Jan 18 2010
Muslim televangelist takes his message to millions [Excerpts]
Amr Khaled's unique brand of Muslim preaching has made him one of the most popular preachers in the world.
Such is his appeal, he was recently named the 13th most influential person in the world by Time Magazine.
In Cairo, his DVDs stand on the top shelves reserved for best sellers in the Virgin record store, next to Bruce Willis and Charlie Chaplin.
His controversial style, comparable to the almost rock star approach of some of America's Christian evangelists, has drawn criticism from the religious establishment and he has moved away from his native Egypt.
Ironically, thanks to the proliferation of satellite channels, he is now able to reach far greater numbers than he could have ever done had his message remained within the confines of a mosque or a lecture hall.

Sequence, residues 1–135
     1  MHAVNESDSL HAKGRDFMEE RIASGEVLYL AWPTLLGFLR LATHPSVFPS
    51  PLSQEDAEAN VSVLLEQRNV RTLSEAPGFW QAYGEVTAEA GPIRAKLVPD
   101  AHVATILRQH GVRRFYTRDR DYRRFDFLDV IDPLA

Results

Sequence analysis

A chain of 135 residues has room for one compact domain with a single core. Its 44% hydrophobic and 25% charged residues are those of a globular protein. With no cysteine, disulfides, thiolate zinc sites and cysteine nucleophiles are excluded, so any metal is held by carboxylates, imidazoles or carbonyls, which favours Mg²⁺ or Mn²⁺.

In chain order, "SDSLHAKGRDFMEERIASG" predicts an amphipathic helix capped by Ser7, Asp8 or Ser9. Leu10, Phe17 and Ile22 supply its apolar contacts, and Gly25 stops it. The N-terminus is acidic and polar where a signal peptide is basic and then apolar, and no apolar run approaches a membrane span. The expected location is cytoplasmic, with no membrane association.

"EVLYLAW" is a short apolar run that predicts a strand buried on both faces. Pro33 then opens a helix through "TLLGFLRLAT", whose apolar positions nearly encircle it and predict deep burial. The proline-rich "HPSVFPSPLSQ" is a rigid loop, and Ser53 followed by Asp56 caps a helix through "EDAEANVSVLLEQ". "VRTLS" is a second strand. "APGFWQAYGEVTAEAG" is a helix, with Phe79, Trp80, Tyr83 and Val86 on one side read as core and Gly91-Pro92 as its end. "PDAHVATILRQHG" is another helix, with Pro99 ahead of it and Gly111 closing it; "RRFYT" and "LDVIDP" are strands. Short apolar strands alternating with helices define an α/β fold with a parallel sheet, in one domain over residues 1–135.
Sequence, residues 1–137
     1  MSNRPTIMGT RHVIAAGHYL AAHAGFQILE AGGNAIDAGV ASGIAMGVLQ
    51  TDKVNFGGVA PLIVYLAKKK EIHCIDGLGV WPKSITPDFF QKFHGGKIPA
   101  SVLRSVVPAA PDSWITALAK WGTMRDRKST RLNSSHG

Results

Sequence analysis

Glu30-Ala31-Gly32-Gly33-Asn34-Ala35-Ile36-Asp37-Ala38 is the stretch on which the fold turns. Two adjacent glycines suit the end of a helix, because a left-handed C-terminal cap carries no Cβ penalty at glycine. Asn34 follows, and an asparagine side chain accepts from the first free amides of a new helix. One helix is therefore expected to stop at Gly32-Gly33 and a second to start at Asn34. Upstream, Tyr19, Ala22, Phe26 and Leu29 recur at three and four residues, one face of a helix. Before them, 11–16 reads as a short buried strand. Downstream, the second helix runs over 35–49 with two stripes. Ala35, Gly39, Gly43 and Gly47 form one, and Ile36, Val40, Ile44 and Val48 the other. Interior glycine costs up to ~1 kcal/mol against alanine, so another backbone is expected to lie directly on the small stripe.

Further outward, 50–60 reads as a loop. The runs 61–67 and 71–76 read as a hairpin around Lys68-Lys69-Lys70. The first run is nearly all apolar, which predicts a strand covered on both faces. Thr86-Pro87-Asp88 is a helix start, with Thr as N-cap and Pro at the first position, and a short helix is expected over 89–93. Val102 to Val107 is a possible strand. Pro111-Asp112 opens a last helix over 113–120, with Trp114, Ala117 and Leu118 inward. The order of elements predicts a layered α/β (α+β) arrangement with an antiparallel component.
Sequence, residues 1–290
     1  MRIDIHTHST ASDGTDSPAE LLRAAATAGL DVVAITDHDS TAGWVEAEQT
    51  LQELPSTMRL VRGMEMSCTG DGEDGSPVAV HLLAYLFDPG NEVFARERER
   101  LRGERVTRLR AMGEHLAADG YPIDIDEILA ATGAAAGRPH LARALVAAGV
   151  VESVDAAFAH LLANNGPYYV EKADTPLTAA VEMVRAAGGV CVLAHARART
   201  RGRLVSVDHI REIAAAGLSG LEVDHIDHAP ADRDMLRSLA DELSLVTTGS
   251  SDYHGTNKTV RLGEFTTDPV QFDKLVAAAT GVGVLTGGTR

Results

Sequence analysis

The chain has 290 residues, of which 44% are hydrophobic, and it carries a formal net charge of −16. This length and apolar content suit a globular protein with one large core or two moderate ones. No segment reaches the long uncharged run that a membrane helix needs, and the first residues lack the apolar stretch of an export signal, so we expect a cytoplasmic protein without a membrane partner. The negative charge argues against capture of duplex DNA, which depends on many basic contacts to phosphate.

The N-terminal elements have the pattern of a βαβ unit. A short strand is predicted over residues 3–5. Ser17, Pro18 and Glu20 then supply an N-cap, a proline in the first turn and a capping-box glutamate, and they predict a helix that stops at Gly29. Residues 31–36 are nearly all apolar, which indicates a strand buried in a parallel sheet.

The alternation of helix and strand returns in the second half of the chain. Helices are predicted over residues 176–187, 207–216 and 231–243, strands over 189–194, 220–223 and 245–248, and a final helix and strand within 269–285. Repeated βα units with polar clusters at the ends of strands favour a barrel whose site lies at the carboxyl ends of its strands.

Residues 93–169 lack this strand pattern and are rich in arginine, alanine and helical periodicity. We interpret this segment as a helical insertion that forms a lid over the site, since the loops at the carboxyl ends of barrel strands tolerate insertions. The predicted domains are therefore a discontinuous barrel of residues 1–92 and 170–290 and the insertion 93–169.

The secret of Mr Khaled's success is simple, say young women in colourful headscarves in Cairo: "He speaks our language."
Unlike traditional preachers, he wears a casual suit and uses the Egyptian vernacular in his programmes. Formally trained imams tend to use classical Arabic.
Mr Khaled, who even has his own YouTube channel, has spearheaded a growth in this style of evangelism.
But the difference goes beyond language, says Geneive Abdo, the author of a seminal book on Islamic revival in Egypt.
She believes the new breed of preachers appears to fulfil an important need.
"They have found a way to interject religion into a more modern lifestyle. In other words, your behaviour is what defines a good Muslim - not how many times you recite the Koran in one week, or how many times you go to the mosque," Ms Abdo argues.